There are benefits of integrative counselling both from the perspective of the practitioner and from the perspective of the client. Looking initially at what this approach can bring to a practitioner, it allows counsellors to tailor their therapy, to switch approaches when one approach isn’t working or has served its usefulness, and to ensure that the therapy sessions you are offering meet the specific needs of your client. This means that each session should be productive and fulfilling. This also applies to the client’s perspective: because each of your sessions has been tailored to suit your needs, integrative counselling is often much more effective than traditional therapy. This is because it looks holistically at your needs, and considers behavioural, affective, cognitive and physiological levels of functioning. The flexibility it affords is one of the main benefits of integrative counselling. The approach focuses on the client as a whole and looks at all elements of what they need: whilst one technique may best suit their current needs, for example, they may also be processing generational trauma which would benefit from being treated with a different approach.
Whilst any client can seek out the services of an integrative counselling practitioner, some of the conditions or needs that this approach has proven particularly effective at treating include:
- Personality disorders
Research has also shown that integrative counselling can be beneficial to young people with special educational needs such as autism. Parents commonly integrate complementary and alternative medical (CAM) treatments for autism spectrum disorder (ASD) with conventional care, so it is a logical continuation that the same benefits would occur when applying this approach to mental health. Because integrative counsellors will only ever use theories and techniques that have been accepted by the scientific community and are supported by scientific evidence.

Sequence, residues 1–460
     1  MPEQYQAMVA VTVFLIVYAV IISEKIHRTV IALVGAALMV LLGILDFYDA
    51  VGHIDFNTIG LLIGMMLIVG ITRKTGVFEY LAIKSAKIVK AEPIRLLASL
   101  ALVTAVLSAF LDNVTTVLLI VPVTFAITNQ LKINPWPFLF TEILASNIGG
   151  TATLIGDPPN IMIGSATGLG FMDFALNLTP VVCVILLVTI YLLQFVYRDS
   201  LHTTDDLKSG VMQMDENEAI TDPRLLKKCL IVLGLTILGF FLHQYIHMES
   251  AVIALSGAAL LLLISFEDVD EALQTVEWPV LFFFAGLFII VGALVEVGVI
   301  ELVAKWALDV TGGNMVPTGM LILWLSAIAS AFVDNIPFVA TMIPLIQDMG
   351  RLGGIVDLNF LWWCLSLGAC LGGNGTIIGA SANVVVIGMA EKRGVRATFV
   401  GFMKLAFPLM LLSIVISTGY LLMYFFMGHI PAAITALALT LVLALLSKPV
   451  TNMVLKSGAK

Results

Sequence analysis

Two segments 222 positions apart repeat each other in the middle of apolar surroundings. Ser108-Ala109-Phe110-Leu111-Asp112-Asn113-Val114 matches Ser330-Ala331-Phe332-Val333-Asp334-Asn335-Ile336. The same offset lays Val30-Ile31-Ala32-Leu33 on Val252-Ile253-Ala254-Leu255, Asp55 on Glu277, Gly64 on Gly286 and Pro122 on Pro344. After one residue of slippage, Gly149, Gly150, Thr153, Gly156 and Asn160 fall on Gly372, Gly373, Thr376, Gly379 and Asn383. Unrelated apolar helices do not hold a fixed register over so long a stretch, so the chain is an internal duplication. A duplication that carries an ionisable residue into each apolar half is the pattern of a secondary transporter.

Another benefit of integrative counselling, and one that is considered beneficial by both the counsellors and their clients, is that the therapy experience when using this approach is considered to be deeper and more emotionally charged: this goes some way to explaining why it is so effective. The reason for this assertion is that all aspects of the whole individual are involved in the therapeutic approach. Integrative counsellors will include approaches that will stimulate the mind, brain and body, often in the same session. Finally, within the integrative counselling approach, the counsellor and the client are considered to be equals and the client is encouraged to take responsibility for unlocking their own well-being, with the counsellor there to provide support. This harnesses an atmosphere of empathy, support, and trust, and can lead to greater breakthroughs during counselling sessions, which further explains why, for those who find this type of therapy to be so beneficial, sessions are so productive and breakthroughs happen so quickly.
Negatives of Integrative Counselling
No approach is solely beneficial, and there are also some negatives to adopting an integrative counselling approach. Firstly, like all psychoanalytical approaches, integrative counselling doesn’t work for everyone, leading to widespread claims that integrative counselling doesn’t work as well as many of its enthusiasts state. This is a negative that could be considered true of every counselling approach. Integrative counselling may not work for you, just as cognitive and behavioural therapy may not work for someone else. For this reason, you should take the time to speak to a wide range of therapists because you choose the approach and the individual counsellor that is the right fit for you.
Critics of integrative counselling state that using a mixture of different modalities can be confusing for clients that are subjected to the approach, and that a therapist switching between them frequently may not develop enough skills and knowledge to use any of them very effectively. For this reason, and to counterbalance this criticism, integrative counsellors are highly qualified and often undertake additional training in a wide range of therapeutic approaches so that they are able to offer the highest possible level of therapy in each of these. Much of the criticism of integrative counselling, and the negatives of this approach, comes from other counsellors and in particular purist person-centred therapists who argue that their particular approach cannot be effectively combined with other modalities. This is a debate that will continue to rage on between those counsellors who support the integration of approaches and those who do not and is therefore not something that we can give a definitive response to now.
The final and most commonly levelled criticism of integrative counselling is that counsellors may use techniques and approaches that are easier and more convenient for them, rather than those which are truly in the best interests of the client. Whilst it’s easy to see why and how some counsellors might do this, to behave in this way would be considered to be unethical and therefore a good integrative counsellor should not be subject to this criticism.